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Tags: trump | obamacare lite | paul ryan

Bystander Trump Blamed for Crash in Congress

Bystander Trump Blamed for Crash in Congress
President Donald Trump on March 28, 2017, in Washington, D.C. (Ron Sach-Pool/Getty Images)

Michael Shannon By Wednesday, 29 March 2017 12:11 PM Current | Bio | Archive

Donald Trump is minding the people’s business in the Oval Office when he hears a commotion outside. He looks up and to his horror sees that the Resistance fence-jumper scheduled for Wednesday has gored himself on a spike and fallen on the White House lawn.

Trump grabs the nearest intelligence briefing and rushes outside in an attempt to stop the bleeding. Unfortunately the briefing book is so thin — the Deep State only trusts the opposition media with real secrets these days — that it has almost no absorptive power and the jumper bleeds out.

Is it Trump’s fault the Resistance jumper wasn’t wearing a p***y hat, which is great for absorbing blood? Or is it Trump’s fault the jumper’s tire sandals slipped and caused him to fall on the spike?

Of course not, so how is it Trump’s fault that House Speaker Paul RINO’s Obamacare Lite bill is still impaled on the fence outside the House?

Trump has proven he’s not exactly a demon on details, but Ryan’s small-ball bill didn’t bother to include the one Obamacare reform Trump promised on the campaign trail: Removing "the lines around the states," which the rest of us refer to as the ability to sell health insurance policies across state lines.

That particular reform was coming on the promised "third prong," which was supposed to arrive sometime in the indefinite future and contain "moderate Muslims," a "deportation force," and a Mexican check for the wall.

Trump was a team player on a bill that didn’t contain the one element he knows would reduce health insurance costs. Rather than hurt himself, it would seem to me that Trump has earned points with the Congressional leadership he will need to pass his budget, tax reform and build the wall.

Besides, Trump couldn’t win regardless of the fate of this bill. Had he stayed above the fray and let legislative mastermind Ryan bumble along to defeat on his own, the opposition media would have written about "frosty relations with Congress" and a "breach that hasn’t been healed" since political archeologists unearthed the Billy Bush tape. This would have been followed by predictions of a grim fate for any legislative agenda items Trump needed passed.

Had the bill passed, Trump would have still have received negative coverage. The opposition media story line would either have been "Trump reneges on Obamacare reforms he promised during the campaign" or "Congress ignores outsider Trump who was helpless to modify Obamacare Lite bill." Followed by stories highlighting real or imagined finger–pointing in the White House by aides who wished to remain anonymous so they could stab someone in the back.

And how is it Trump, essentially a helpful bystander, gets most of the blame for the bill’s defeat?

Mitch McConnell, the Curator of the Senate, had a much larger role in the bill’s failure than Trump, yet his reputation, as the oracle of inertia, remains intact. McConnell’s fingerprints were all over the blueprints for the House bill. In a victory of process over policy the bill was written so that it would pass by the "reconciliation" process, which means Minority Leader Chuck Schumer couldn’t filibuster the measure.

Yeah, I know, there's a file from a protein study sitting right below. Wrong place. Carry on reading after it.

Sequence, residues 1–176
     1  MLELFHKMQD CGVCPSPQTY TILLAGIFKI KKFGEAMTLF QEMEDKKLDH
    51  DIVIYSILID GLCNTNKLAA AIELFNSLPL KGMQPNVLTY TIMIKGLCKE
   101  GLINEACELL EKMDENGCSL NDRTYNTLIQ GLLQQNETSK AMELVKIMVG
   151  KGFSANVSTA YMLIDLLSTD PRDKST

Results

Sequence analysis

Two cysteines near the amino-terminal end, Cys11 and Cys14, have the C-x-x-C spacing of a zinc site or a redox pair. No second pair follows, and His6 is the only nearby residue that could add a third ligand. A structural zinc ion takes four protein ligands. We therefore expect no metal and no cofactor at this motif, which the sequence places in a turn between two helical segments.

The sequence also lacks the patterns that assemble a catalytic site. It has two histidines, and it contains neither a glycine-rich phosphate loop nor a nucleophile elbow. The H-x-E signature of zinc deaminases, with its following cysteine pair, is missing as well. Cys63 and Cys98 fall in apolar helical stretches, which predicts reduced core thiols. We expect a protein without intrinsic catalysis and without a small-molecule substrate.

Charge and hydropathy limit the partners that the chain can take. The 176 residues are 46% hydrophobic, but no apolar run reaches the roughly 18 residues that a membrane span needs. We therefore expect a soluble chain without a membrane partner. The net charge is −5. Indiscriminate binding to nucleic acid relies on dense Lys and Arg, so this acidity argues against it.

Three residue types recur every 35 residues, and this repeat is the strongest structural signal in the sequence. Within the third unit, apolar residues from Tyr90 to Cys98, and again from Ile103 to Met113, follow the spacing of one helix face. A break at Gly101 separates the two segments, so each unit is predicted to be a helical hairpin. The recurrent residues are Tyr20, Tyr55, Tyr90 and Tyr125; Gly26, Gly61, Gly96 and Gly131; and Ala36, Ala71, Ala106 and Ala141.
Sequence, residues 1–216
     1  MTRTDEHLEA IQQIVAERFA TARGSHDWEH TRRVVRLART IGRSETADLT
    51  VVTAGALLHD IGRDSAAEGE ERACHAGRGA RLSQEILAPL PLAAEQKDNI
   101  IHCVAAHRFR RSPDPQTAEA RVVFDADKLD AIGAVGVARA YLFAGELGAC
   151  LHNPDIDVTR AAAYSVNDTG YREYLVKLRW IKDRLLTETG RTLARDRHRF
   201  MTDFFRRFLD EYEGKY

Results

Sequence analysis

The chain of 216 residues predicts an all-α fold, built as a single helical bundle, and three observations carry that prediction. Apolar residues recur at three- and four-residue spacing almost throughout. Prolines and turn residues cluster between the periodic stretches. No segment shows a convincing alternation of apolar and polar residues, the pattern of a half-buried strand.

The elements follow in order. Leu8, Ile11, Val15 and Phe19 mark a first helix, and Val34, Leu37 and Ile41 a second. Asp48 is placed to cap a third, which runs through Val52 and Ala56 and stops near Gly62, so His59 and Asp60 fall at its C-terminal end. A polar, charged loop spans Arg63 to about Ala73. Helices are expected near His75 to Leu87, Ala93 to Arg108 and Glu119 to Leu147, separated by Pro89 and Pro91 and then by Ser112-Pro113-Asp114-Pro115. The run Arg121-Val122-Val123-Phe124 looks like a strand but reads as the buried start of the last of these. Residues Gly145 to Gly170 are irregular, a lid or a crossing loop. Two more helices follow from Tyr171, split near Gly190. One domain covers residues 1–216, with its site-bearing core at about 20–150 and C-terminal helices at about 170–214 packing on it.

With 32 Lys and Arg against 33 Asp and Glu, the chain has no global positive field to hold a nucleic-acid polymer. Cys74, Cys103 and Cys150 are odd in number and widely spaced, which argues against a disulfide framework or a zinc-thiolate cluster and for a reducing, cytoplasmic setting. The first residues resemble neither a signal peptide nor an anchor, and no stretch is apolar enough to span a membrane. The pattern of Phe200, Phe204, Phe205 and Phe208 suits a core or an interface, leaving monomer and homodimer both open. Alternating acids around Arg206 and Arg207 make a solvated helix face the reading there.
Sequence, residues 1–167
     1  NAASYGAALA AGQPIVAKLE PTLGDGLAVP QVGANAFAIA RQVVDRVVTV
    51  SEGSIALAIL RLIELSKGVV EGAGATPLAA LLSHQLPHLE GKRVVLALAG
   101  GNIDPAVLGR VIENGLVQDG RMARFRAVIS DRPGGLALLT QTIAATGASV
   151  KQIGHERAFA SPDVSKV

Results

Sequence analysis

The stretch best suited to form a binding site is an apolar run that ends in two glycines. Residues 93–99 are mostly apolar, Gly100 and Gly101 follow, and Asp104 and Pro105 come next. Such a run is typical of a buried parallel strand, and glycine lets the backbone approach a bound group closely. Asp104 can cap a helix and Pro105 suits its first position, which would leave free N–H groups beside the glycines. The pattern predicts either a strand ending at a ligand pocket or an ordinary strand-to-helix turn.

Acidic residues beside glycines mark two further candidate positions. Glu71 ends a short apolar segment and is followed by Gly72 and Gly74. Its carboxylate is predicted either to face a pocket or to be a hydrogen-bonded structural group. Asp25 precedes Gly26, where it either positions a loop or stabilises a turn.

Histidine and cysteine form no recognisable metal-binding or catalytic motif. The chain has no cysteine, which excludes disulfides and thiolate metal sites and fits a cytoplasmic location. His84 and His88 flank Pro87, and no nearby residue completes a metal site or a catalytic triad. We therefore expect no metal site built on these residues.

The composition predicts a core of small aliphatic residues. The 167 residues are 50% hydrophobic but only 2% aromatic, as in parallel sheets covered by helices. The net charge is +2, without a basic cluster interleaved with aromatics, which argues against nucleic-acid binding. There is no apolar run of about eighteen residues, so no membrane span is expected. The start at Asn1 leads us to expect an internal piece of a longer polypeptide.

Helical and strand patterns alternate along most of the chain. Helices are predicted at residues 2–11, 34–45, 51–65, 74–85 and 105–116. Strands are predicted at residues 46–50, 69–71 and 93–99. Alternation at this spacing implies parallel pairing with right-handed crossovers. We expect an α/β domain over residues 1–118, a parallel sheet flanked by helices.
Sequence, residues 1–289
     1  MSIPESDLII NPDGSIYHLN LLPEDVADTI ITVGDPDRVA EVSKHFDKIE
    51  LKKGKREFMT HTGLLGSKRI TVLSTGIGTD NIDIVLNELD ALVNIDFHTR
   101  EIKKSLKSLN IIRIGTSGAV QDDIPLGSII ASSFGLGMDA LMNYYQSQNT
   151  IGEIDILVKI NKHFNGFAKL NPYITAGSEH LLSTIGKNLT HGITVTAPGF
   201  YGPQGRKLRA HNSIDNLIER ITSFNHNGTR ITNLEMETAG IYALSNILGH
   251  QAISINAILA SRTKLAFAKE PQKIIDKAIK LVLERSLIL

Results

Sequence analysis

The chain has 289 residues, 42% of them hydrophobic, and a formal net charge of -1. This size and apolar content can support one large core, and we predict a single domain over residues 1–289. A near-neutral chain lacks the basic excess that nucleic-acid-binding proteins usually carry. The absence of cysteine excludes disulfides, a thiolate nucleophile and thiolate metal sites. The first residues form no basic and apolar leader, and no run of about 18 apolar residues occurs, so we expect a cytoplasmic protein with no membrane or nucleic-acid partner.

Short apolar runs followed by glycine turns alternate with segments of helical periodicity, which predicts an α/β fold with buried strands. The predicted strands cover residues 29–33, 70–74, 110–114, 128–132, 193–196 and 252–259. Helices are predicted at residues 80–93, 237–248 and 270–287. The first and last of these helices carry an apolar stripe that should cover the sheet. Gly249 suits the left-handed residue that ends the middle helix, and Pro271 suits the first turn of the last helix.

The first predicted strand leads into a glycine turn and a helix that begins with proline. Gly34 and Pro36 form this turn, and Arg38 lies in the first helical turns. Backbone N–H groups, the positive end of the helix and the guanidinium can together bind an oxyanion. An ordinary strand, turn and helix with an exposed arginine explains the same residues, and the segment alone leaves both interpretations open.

McConnell could take his rarely-used, 52-seat majority out of the original packing and pass the bill. Neither Ryan nor McConnell wanted to risk taking the bill to the Senate floor for debate because they don’t have enough faith in conservative government to make the case before the public. A Democrat filibuster that stopped Congress in its tracks would be the perfect time to make the case for letting the market lower health insurance cost — assuming one believes in the market — while putting Democrat intransigence in the spotlight.

If competition is good and letting consumers choose their own health insurance is part of being free, then why don’t McConnell and Ryan have enough confidence in the argument to make it before the general public?

What part of conservative philosophy is not believable?

But the debate didn’t happen and it won’t happen because neither McConnell nor Ryan really believes in limited government. That’s why Ryan introduces a bill insurance lobbyists like that has none of the reforms the market really needs.

Ryan follows McConnell’s blueprint for the bill. McConnell stays on the sidelines while a bill drawn to his specifications is attacked. The bill is withdrawn before a vote, because the Freedom Caucus has the courage to act as the conservative conscience for the House.

And the upshot is it’s all Trump’s fault because he couldn’t get the House to vote on someone else’s bill, while McConnell is allowed to continue polishing Senate procedures in peace and Ryan is still the beleaguered boy wonder?

All this fight proved is Trump is a team player that still needs a team.

Michael R. Shannon is a commentator, researcher for the League of American Voters, and an award-winning political and advertising consultant with nationwide and international experience. He is author of "Conservative Christian’s Guidebook for Living in Secular Times (Now with added humor!)." Read more of Michael Shannon's reports — Go Here Now.

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Trump was a team player on a bill that didn’t contain the one element he knows would reduce health insurance costs.
trump, obamacare lite, paul ryan
Wednesday, 29 March 2017 12:11 PM
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